While UMD and Denver took care of business in their league games, North Dakota got thrashed around the waves at Ralph Englestad Arena.
Doing the thrashing? Dean Blais and his Nebraska-Omaha Mavericks.
UNO scored on their first five power plays, threw in a first-period shortie, and ended up with an 8-4 victory that lacked a lot of drama.
The Sioux tried to rally in the third period, cutting a 7-1 deficit down to 7-4, but Blais called a timeout, and Joey Martin iced the game for the Mavs.
It was a game that saw the same kind of rash of penalties that overcame UMD last Saturday at Amsoil Arena against Wisconsin.
One of the referees that night? Brad Shepherd.
One of the referees Friday in Grand Forks? Brad Shepherd.
Anyway, UND was uncharacteristically bitten by penalties, calls that captain Chay Genoway wouldn't put on the officials. Since I'm in Houghton, I won't see the game until Sunday, so I can't help you on the particulars.
For now, I'll leave you with a few thoughts.
- As good as Blais is, the Sioux are going to be ready for Game 2. The Mavericks may benefit, because UND came out on fire in the third period, cutting a six-goal hole in half, so they probably won't be overcome by the North Dakota effort Saturday. They should be ready for what they're going to see.
- This is must-see TV. A win puts UNO on the map, so to speak, more than anything else they could do in their first regular season of WCHA membership. Meanwhile, North Dakota is almost expected to come out and stomp the visitors, a very difficult expectation to meet when playing such a strong team.
- Someone here in Houghton noted Friday that if it were okay to gamble on college hockey, a large amount of coin would be placed on North Dakota in this game. The reaction was favorable, and I still tend to agree with this. However, I do believe that the third period effort by UND gives UNO a bit of an advantage. They saw the Sioux bring it, and they know how it works. Blais will turn that around to help his team in this game.
- Did I mention this is must-see TV?
UMD did exactly what they needed to do. They got their legs and kept Michigan Tech off the board in the first, then jumped on the home team in the second, and were not threatened after that.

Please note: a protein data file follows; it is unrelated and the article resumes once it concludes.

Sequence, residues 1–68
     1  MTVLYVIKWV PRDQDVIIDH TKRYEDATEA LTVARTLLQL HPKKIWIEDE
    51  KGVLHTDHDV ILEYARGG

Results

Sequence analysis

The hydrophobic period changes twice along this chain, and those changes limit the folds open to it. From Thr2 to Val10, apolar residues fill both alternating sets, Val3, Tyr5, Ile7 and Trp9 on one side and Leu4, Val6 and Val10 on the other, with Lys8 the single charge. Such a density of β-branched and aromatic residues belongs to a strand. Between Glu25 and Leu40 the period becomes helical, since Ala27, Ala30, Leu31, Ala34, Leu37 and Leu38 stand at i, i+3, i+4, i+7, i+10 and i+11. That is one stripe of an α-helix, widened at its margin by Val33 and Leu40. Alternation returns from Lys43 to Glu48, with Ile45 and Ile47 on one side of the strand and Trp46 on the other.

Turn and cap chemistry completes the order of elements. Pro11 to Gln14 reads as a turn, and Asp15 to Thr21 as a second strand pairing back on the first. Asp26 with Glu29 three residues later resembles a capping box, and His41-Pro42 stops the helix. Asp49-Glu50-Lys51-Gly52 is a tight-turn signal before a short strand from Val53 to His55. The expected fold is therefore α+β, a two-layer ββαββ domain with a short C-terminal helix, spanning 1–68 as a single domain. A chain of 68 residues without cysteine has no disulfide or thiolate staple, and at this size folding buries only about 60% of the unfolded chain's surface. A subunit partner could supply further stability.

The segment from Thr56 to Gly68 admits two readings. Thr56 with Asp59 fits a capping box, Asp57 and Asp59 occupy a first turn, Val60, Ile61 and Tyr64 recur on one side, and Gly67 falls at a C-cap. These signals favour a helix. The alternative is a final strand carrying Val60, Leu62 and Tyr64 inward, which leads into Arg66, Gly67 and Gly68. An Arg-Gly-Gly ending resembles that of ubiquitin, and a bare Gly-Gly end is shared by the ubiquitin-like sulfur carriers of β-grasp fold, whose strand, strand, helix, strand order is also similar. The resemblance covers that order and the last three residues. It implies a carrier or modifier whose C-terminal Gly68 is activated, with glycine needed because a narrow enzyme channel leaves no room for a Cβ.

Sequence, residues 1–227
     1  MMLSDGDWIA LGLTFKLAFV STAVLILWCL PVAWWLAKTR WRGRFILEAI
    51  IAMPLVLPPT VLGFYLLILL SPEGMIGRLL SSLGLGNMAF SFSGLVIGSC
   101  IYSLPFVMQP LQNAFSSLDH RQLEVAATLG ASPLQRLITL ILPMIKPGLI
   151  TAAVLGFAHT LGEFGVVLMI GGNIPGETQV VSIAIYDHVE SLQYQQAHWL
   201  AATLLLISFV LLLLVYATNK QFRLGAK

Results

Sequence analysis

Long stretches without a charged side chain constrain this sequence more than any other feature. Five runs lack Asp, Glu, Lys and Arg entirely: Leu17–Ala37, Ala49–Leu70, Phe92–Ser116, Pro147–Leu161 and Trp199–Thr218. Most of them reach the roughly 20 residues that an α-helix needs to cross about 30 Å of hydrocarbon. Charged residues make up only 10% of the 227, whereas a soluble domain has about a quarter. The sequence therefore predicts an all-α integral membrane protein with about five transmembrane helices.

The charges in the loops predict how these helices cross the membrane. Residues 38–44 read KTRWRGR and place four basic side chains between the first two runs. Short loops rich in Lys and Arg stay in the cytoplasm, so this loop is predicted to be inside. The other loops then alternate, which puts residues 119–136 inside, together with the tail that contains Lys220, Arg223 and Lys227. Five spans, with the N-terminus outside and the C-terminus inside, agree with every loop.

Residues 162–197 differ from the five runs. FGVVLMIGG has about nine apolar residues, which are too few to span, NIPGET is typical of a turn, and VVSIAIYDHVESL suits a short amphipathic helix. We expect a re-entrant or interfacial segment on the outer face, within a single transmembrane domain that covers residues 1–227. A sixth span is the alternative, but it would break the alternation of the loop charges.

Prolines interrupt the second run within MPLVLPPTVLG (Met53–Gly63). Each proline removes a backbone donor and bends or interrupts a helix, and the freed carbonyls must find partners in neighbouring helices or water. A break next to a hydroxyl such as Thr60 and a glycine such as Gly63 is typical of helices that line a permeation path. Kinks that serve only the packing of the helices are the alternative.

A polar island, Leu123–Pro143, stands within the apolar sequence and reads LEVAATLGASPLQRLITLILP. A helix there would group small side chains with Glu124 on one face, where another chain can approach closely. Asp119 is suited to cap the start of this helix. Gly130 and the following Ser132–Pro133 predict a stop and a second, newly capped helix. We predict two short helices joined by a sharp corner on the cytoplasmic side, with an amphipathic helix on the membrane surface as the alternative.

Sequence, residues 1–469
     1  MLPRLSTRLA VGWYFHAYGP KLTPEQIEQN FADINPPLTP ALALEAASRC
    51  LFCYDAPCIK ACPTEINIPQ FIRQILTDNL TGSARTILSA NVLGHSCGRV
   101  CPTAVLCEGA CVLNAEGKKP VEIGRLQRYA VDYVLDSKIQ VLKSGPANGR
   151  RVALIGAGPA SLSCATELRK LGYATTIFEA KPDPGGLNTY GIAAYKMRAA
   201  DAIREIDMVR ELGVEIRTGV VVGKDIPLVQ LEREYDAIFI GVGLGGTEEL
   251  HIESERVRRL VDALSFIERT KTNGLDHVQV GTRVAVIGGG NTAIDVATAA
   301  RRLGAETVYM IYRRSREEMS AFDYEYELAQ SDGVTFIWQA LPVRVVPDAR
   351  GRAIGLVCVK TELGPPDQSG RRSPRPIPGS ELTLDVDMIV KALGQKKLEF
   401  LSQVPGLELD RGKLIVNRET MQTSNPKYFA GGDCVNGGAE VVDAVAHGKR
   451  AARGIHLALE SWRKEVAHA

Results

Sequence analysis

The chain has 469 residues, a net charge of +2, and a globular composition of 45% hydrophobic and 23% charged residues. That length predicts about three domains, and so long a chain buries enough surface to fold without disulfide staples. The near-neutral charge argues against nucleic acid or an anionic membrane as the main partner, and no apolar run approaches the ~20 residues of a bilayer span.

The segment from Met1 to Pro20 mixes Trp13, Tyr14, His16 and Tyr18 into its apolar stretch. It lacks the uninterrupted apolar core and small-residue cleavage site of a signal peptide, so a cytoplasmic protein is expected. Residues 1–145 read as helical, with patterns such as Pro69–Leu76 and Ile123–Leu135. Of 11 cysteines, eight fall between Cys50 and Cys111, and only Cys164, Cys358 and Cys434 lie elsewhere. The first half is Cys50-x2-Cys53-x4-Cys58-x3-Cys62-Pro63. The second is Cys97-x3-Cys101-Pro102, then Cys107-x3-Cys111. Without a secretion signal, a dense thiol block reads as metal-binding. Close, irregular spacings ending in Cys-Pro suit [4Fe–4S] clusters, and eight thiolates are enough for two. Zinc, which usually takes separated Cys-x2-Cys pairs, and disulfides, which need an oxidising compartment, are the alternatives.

It wasn't pretty in the first, as Tech played their game very well, keeping the quality chances away from goalie Kevin Genoe. It was almost a rope-a-dope strategy, with the hopes UMD would get frustrated or otherwise knocked off their game.
It didn't work.
Like they did in earlier series against Providence, Alaska-Anchorage, and Michigan Tech, UMD kept to their game, didn't waver from the game plan, and eventually overwhelmed their opponent. They did it with some great passing, hard work along the boards, and the underrated ability of guys like Justin Fontaine and Jack Connolly to get open when everyone should be watching them.
By my count, Tech had all of five shot attempts in the prime areas around the front of the UMD net. On those five attempts, Kenny Reiter had to make all of one save. If you're someone who wants Michigan Tech to end their 19-game winless streak on Saturday, this is the first and most important thing that has to change. If the Huskies can't or won't get to the front of the net, they won't score.
When killing penalties, UMD did a good job of keeping everything on the perimeter and blocking shots before Reiter had to stop them. All in all, he probably played more pucks outside of the crease than he did inside. It's a recipe for UMD success, for sure.
You might argue here that Tech is hardly an opponent for UMD to play against and end up looking good, but considering their past history with the Huskies, a season sweep is a huge accomplishment. It's also a message to the rest of the college hockey world that this speedy, skilled UMD team can play the hard-nosed, grind-it-out style of hockey and be just as successful in that style.